I understand you should always follow a quotation with a citation in academic writing, but how close together can two of the same citations be? Here is the sentence in question:

“BitTorrent traffic accounts for 18% of all internet traffic”, [3] two thirds of which is estimated to be illegally distributed copyrighted material. [3]

Should I even include the second citation? It also comes from the cited source, but having two identical citations so close looks clumsy.


When you paraphrase something, there is no rule that says every word you use must be different from the original. In other words, even though a phrase or sentence within your paraphrased text is identical to what the original author said, if you're already providing a reference that supports your overall statement, you don't need to put the identical part in quotation marks.

You should, however, give more of a citation than just the footnote or endnote number in this sentence. (However, if it is provided in the context of a preceding sentence, not seen in this particular sentence, that's okay.)

For example:

Smith says that BitTorrent traffic accounts for 18% of all internet traffic, two thirds of which is estimated to be illegally distributed copyrighted material.[3]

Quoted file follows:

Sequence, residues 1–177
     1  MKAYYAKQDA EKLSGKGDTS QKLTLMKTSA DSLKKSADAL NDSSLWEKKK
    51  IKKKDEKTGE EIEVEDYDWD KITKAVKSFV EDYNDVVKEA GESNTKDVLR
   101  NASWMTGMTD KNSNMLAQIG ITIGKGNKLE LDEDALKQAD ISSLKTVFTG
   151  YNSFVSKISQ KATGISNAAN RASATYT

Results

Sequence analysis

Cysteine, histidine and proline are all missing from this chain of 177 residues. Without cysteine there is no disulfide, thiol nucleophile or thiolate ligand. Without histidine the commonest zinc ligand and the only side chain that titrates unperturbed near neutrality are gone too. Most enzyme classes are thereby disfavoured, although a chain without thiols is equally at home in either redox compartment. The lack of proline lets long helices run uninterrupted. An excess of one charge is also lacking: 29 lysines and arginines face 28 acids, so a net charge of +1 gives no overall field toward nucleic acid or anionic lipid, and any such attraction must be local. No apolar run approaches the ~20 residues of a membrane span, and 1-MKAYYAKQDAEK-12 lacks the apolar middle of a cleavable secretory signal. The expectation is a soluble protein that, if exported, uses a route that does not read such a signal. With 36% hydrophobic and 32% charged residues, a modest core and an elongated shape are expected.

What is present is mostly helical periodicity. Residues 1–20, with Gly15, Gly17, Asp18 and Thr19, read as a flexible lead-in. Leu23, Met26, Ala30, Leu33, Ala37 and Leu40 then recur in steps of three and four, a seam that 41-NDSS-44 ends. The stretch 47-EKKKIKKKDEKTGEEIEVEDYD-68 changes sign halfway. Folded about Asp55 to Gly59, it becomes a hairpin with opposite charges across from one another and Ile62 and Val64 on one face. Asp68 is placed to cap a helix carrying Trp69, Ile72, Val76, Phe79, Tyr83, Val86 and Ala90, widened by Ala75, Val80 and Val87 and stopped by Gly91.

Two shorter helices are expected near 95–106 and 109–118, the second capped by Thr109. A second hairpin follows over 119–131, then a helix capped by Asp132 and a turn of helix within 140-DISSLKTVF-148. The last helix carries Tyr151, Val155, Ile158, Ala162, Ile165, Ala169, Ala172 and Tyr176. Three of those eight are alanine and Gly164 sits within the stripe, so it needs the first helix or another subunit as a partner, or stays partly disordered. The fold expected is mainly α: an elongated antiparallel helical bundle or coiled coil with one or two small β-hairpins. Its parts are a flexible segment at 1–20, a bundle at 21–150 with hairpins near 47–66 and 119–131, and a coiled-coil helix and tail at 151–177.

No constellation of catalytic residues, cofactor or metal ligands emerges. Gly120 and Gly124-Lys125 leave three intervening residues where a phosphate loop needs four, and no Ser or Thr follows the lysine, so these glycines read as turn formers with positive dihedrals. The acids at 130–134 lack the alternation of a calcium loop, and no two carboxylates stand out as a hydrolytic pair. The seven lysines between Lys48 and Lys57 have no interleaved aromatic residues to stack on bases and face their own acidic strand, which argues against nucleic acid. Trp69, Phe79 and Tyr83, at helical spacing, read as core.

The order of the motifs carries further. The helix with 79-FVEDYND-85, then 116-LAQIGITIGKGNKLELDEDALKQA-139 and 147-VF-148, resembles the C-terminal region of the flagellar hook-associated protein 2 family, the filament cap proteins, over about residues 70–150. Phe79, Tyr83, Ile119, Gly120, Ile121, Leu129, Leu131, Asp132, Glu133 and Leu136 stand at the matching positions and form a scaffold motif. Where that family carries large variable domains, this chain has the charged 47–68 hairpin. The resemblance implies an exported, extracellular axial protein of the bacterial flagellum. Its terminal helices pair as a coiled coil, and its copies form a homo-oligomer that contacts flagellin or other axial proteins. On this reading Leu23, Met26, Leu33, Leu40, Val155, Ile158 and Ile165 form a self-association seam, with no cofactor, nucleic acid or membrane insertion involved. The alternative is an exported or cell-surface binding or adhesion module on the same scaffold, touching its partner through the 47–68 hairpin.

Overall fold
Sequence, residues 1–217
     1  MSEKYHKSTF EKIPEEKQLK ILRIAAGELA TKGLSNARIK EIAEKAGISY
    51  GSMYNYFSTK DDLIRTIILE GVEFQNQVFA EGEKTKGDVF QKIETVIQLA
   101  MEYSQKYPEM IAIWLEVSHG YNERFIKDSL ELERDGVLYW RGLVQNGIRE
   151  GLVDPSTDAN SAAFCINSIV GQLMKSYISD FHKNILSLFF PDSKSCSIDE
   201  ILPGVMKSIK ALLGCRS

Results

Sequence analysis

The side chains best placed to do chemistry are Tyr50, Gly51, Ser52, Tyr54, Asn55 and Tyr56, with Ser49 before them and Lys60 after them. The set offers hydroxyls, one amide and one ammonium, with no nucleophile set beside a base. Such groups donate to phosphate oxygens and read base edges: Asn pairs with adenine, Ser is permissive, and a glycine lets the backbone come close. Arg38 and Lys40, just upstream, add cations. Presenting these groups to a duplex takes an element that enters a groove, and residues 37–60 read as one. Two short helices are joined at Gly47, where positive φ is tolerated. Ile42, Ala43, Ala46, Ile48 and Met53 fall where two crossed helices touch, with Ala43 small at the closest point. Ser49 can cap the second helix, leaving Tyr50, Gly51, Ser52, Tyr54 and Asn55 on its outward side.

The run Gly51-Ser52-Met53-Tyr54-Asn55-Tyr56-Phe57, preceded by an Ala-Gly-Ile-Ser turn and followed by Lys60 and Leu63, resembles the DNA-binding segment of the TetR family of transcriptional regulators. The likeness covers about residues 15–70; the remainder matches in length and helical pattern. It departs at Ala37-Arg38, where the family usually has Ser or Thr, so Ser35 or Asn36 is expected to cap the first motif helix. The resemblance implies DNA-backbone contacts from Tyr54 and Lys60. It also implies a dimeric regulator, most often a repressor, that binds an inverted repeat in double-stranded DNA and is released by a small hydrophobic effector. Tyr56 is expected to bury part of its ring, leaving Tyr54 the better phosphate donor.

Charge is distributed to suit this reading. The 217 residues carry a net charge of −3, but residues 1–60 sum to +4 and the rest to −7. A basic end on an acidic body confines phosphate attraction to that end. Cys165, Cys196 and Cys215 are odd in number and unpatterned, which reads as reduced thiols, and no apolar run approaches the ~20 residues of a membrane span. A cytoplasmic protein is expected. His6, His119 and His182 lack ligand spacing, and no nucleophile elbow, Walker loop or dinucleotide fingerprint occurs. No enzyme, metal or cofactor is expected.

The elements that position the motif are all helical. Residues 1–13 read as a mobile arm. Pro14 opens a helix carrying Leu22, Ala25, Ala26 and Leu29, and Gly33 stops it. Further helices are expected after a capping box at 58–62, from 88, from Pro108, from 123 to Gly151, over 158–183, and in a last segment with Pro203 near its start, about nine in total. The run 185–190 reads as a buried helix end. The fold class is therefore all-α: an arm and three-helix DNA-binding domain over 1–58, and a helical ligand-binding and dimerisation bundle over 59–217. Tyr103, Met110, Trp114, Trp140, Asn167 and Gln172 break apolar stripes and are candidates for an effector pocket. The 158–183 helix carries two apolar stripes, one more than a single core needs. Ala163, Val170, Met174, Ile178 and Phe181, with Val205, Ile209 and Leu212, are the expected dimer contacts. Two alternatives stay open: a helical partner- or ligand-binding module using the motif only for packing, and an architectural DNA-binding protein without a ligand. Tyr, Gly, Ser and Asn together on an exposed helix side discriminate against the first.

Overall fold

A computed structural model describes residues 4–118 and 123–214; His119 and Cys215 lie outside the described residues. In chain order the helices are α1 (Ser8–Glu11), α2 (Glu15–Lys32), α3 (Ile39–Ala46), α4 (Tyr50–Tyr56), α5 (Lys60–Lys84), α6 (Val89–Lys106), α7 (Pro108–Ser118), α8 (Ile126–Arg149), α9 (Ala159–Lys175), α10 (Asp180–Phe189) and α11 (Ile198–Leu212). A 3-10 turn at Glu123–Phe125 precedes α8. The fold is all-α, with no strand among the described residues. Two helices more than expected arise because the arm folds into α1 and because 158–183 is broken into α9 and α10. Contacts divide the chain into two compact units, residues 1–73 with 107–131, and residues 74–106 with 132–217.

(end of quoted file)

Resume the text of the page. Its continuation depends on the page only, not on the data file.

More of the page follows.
By referring to the citation, those people who are interested can determine exactly what Smith said.

Of course, specific style guides may also give different particular guidance.


This largely depends on the conventions of the academic field and/or the publisher’s stylesheet.

In some fields, the standard practice is to have a separate citation for every point that is based on an outside source, even when several such points, all taken from the same source, appear close to each other. If one is following such a practice in combination with the footnote/endnote method of citation, each citation would have its own number, with the first note providing the full bibliographical data, and the following ones using some abbreviated format (or ibid. if that is customary in the field).

In some other fields, it is generally acceptable to have a single citation at the end of a lengthy sentence or a group of sentences that are all based on the same source. Use of this method, however, requires that the writer be careful to present the materials in such a way that it will be obvious to the reader what the citation applies to.

The only advice that can be given to the OP is then to look at how other published materials in the same academic field, and in particular in the same academic journal, deal with this matter, and then follow their example. Also, whenever one is in doubt about whether one should cite, it is better to cite than not to cite: underciting may be regarded as a serious fault, while overciting is, at worst, a minor stylistic infelicity, which may be corrected by the copyeditor.

(Incidentally, the example in the question is somewhat confusing, because its second part is not presented as a quotation, and yet the beginning of the question refers only to quotations and does not mention paraphrases.)

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